Military veterans sacrifice a lot to serve our country. They not only fulfill combat roles, defending our country, but they play roles in disaster relief and humanitarian aid. They are away from their families, often in less than ideal conditions, not to mention the dangers that their service may expose them to. Our military personnel put their lives on the line, subject to the dangers of combat, bombings, disease, and toxic chemicals. Many face the death of friends and team members, witness civilian casualties, and see the results of atrocities brought on by the worst of humanity. Some suffer physical injury they may have life-long debilitating consequences, others face mental and emotional injury, that while unseen, may be just as debilitating. While there is aid available to our veterans when they return home, it is sometimes too slow in coming or too difficult to make use of. Our veterans deserve to be treated with dignity and respect, and we should all make efforts to help veterans. While there are certainly lots of groups to donate to, from the National Veterans Association to the Wounded Warrior Project, there are other things you can do to help veterans in your area. Here are 10 ways to help veterans:
- Be a friend. Many veterans feel alone and isolated. This may be because they are old and living alone, or living in a retirement home. Like everybody else, these people want to feel appreciated and heard. They want human contact. If you have a veteran in your neighborhood who lives alone, or maybe there is a local retirement home, stop by and introduce yourself. Offer to watch the game, play cards, do a puzzle, or share a meal. Then set up a time to do it again. Make it a regular thing. This type of interaction can be life-changing, not just for the person you visit, but for yourself. Keep in mind, not everyone is comfortable sharing their experience in the military, so asking for war stories may be touchy. Talk to them about their entire life, and if they want to share about their military experience, they will.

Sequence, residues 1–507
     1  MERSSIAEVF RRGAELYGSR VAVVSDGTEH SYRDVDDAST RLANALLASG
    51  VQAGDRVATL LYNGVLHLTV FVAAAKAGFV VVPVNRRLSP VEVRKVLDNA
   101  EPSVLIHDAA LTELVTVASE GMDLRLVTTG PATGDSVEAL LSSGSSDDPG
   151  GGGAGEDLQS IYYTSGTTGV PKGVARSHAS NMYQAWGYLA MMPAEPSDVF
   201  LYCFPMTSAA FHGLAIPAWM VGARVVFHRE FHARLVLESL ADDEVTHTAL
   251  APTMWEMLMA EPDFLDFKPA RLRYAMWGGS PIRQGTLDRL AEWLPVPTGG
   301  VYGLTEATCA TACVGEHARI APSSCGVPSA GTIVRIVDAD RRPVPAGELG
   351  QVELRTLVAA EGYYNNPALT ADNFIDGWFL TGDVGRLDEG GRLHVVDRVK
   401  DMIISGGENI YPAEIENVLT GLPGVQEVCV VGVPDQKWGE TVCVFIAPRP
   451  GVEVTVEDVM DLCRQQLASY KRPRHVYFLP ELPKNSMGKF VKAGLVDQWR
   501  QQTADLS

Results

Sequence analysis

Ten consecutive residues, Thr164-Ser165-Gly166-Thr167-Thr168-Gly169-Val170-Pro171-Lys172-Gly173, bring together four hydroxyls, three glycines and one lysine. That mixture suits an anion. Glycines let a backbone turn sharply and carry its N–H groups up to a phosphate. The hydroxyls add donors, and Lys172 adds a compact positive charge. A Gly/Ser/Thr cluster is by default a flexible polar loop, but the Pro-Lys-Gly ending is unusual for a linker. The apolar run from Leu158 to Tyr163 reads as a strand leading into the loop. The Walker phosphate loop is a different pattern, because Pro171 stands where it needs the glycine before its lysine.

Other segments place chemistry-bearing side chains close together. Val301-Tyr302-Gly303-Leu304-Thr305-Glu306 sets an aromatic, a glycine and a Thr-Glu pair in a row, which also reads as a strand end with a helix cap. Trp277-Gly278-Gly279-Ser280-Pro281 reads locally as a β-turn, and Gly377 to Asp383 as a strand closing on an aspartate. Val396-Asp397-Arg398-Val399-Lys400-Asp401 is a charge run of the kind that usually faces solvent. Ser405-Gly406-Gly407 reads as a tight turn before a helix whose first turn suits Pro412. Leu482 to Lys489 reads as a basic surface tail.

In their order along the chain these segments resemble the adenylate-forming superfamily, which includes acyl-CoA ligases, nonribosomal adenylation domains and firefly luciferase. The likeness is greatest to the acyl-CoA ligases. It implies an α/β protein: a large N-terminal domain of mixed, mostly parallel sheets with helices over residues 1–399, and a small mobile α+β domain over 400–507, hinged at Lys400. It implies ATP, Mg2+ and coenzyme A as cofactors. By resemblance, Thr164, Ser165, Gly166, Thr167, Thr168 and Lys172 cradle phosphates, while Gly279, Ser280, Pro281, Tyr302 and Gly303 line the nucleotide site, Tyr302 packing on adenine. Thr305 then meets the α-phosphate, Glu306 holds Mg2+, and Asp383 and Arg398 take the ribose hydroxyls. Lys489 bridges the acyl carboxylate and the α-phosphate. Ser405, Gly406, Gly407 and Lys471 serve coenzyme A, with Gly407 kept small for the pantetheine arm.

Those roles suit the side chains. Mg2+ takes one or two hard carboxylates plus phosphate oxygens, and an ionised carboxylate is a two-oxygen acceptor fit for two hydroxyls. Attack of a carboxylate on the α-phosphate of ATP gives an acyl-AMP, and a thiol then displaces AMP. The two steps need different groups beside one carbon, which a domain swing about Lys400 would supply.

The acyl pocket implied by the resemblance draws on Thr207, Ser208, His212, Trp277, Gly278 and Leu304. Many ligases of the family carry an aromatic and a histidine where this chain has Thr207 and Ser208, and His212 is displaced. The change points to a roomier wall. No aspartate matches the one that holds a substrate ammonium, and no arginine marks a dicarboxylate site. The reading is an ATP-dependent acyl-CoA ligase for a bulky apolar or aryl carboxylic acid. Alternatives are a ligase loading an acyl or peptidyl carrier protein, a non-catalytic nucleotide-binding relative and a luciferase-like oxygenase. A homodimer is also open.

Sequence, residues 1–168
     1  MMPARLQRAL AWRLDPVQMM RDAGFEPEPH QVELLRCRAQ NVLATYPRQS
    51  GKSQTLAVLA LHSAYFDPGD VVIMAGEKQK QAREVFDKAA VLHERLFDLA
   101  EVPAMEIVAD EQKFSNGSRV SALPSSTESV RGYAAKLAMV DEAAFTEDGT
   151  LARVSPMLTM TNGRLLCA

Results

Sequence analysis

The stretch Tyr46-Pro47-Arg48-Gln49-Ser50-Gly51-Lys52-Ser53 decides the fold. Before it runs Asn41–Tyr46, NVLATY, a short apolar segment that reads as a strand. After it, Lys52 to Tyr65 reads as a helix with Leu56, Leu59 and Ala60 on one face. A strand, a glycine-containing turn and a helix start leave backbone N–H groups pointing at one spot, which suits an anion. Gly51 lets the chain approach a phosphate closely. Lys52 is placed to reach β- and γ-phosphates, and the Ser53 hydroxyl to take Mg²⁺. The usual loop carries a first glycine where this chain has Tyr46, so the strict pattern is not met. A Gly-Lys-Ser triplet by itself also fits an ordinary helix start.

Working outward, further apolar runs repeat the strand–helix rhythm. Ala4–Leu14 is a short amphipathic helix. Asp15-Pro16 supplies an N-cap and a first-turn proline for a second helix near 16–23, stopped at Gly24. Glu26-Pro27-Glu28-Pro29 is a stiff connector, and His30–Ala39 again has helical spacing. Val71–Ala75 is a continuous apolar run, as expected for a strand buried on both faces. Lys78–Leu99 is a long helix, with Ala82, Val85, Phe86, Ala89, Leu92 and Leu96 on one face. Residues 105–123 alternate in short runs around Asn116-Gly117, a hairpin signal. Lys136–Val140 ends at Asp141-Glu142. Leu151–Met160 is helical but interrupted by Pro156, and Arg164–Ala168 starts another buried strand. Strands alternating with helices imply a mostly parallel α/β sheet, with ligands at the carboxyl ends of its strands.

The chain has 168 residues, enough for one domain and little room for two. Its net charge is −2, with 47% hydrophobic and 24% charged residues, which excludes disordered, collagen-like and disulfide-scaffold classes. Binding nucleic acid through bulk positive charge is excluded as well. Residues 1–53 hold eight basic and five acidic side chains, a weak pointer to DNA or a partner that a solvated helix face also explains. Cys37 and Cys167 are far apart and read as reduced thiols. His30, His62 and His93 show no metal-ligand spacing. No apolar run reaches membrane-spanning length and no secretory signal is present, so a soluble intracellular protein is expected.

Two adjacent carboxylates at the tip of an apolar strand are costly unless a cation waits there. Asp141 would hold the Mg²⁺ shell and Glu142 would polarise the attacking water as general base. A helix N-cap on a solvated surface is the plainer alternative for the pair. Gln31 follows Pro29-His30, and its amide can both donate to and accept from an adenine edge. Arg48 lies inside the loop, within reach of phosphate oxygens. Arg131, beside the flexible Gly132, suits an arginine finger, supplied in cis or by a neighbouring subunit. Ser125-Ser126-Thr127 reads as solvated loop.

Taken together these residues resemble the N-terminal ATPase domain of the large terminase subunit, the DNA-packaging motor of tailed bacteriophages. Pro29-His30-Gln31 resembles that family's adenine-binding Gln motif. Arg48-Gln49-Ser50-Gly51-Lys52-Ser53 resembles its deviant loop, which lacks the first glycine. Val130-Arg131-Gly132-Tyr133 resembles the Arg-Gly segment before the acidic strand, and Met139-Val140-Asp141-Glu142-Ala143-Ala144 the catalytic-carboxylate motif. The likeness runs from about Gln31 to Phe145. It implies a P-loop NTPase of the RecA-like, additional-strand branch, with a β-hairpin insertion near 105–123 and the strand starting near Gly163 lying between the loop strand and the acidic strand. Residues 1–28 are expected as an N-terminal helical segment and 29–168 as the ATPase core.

- Volunteer to drive. For a lot of veterans, they are dependent on using VA (Veterans Administration) facilities. These may not be convenient or easily accessible to veterans due to age, disability, or even the lack of reliable transportation. For some veterans, not getting the help they need is directly due to a lack of transportation. If you know a vet who is in need of transportation, offer to drive them. This will make the experience easier for the veteran, decrease stress, and provide company along the way. If you don’t know a veteran in need, but would like to help, there are organizations that help provide transportation. The VA has a volunteer transportation network to assist in connecting drivers and veterans. Get more information about the VA driving program here. A non-profit group called DAV, also uses volunteer drivers to help get veterans to medical and counseling appointments. You can find out more about DAV here.
- Assist a veteran at home. Some veterans, due to age or disability, may need assistance at home. You can volunteer to help out by doing yard work, cleaning gutters, watering plants, repairing windows, painting, or assisting in other household tasks. Some communities have arranged groups that descend upon the home of a veteran and do a group project, fixing things around the house and cleaning up the yard. Other veterans might need help with technology- setting up their tv, dealing with the internet, setting up an email. There are all kinds of things that somebody can offer a veteran- you don’t have to have special skills, just a willingness to help.
- Build a veteran a home. Unlike just helping out around the home, this one requires at least some basic skills in the building arts, whether it’s carpentry, plumbing, electrical work, or sheetrocking. People with skills in home building can volunteer those skills to help build homes for veterans. Two organizations (and there may be more in your area) Building Homes for Heroes and Homes for Our Troops utilize people in the building trades to build homes for veterans. You can volunteer your skills or even donate materials to help these causes. People who don’t have these skills can donate money, materials, or even land.